There must be few people who have not encountered one of the children’s picture books by Theodore Seuss Geisel, alias Dr Seuss, although I wonder how many have heard of his very first book And to Think That I Saw It on Mulberry Street? Rejected for publication seventeen times, it eventually found a publisher in the United States in 1937. Mulberry Street took an extraordinarily long time to reach the UK – another thirty-four years – but it has been in print in both countries ever since, as have the many others that followed it. Possibly the most famous of all Dr Seuss’s picture books is The Cat in the Hat and, judging by the shrieks of enjoyment from the very young audience at the Young Vic Theatre enjoying the recently dramatised version in London in mid-February, it is still the most popular.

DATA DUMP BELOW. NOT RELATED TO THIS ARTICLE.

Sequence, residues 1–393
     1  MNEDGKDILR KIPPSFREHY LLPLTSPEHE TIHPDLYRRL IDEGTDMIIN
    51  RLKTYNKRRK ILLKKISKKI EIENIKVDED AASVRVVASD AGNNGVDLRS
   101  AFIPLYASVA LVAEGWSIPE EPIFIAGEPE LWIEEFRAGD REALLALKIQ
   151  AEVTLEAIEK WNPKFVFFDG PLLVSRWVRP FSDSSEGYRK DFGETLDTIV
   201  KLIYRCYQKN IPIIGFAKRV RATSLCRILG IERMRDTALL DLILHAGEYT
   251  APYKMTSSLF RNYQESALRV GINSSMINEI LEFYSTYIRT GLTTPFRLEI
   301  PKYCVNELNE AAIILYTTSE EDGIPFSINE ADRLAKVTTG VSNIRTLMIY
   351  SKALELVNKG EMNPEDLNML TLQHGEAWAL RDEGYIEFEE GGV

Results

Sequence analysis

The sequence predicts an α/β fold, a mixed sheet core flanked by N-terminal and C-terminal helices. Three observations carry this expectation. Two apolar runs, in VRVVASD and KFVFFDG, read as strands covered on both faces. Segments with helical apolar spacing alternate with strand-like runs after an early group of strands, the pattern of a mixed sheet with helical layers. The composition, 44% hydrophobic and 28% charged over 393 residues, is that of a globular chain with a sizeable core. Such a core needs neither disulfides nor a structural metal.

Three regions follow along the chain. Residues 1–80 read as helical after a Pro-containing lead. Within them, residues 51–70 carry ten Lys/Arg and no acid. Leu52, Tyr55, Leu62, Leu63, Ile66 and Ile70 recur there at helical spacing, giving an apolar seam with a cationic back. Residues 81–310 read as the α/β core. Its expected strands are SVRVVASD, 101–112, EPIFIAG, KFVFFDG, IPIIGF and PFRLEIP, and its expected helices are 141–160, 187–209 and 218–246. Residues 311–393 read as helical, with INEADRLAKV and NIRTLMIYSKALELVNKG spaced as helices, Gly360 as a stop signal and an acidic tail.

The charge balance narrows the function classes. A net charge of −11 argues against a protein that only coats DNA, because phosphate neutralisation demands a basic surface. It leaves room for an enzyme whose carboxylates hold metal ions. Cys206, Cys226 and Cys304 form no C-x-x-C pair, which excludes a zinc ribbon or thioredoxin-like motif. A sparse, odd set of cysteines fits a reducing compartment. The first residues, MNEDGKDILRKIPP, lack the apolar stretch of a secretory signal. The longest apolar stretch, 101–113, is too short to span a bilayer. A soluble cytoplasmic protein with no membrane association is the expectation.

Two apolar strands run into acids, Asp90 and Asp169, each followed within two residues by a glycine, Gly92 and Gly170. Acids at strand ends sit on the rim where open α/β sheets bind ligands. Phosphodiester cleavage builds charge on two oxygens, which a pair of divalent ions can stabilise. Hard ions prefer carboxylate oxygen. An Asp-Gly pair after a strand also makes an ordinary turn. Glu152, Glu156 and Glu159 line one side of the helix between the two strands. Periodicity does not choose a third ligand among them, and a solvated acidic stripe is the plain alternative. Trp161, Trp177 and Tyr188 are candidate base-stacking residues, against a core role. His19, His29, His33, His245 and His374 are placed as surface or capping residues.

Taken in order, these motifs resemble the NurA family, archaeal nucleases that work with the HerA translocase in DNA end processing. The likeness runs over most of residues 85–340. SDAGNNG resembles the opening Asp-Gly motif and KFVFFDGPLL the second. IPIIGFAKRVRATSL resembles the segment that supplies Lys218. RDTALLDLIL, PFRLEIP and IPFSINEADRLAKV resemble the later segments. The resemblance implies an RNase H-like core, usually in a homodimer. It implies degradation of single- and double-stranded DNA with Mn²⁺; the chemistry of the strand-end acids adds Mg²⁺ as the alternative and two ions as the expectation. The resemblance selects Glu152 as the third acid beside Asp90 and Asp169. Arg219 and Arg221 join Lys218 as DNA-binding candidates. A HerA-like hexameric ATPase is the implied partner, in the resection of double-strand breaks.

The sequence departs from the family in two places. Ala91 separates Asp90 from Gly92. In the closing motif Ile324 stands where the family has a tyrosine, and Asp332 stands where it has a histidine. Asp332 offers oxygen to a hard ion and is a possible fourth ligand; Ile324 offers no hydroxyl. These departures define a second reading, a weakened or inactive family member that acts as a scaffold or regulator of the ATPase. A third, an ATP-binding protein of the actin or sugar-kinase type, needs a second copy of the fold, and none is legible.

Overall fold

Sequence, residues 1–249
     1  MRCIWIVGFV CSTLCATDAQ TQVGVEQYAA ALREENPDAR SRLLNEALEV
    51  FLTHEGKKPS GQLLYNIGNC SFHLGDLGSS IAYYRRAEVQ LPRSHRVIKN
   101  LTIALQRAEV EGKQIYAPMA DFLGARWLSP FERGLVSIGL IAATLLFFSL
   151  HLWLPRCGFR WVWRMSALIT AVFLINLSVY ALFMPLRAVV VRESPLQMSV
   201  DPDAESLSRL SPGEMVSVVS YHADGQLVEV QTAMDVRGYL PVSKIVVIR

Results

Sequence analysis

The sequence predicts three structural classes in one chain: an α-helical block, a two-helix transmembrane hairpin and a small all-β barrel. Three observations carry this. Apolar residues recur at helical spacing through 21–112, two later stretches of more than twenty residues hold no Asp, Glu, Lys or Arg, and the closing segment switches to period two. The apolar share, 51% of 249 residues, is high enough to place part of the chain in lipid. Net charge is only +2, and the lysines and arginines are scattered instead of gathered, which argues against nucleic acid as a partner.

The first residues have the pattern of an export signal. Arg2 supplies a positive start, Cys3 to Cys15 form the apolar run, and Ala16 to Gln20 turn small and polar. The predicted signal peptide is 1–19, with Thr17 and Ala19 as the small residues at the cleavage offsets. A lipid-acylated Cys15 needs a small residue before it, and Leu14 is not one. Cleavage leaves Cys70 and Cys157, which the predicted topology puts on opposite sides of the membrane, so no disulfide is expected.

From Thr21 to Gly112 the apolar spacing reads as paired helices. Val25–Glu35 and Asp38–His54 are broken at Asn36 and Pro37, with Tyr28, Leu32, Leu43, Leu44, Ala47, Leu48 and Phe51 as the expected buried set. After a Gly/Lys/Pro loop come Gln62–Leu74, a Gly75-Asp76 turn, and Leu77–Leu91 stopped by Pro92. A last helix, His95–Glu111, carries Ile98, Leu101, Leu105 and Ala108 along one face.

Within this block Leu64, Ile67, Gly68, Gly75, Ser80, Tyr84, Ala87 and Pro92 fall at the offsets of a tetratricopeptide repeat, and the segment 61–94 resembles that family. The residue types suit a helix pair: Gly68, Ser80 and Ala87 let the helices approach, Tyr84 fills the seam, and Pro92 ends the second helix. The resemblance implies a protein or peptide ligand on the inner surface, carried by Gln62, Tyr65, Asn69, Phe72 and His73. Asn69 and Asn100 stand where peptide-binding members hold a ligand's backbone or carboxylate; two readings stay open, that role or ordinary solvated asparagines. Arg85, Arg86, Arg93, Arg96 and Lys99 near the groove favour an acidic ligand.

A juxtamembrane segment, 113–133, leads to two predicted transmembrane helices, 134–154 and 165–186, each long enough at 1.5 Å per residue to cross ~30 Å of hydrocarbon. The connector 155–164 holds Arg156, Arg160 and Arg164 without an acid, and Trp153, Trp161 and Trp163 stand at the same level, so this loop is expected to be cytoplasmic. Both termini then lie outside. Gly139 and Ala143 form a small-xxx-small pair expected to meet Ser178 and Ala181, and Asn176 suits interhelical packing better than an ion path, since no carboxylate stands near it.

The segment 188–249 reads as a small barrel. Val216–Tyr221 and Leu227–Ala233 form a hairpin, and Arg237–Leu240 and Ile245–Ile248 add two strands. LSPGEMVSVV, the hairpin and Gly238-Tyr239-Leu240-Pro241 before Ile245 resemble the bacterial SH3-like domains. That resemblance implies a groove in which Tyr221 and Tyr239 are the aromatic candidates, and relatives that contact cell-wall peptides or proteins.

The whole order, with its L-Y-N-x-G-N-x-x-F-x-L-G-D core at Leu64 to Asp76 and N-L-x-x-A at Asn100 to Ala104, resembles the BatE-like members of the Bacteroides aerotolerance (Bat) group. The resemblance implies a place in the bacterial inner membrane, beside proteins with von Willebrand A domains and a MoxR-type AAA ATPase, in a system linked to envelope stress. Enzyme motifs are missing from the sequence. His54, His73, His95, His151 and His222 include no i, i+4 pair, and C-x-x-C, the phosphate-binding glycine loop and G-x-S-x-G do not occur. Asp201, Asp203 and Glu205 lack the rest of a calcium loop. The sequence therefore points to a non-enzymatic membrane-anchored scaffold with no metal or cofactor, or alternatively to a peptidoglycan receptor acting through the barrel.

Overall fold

There have been at least eight previous biographies of Dr Seuss, all of which Donald Pease refers to in his numerous notes to this new ‘account of Theodore Seuss Geisel’s life and Dr Seuss’s art’, but as an authority on Seuss and former holder of the Ted and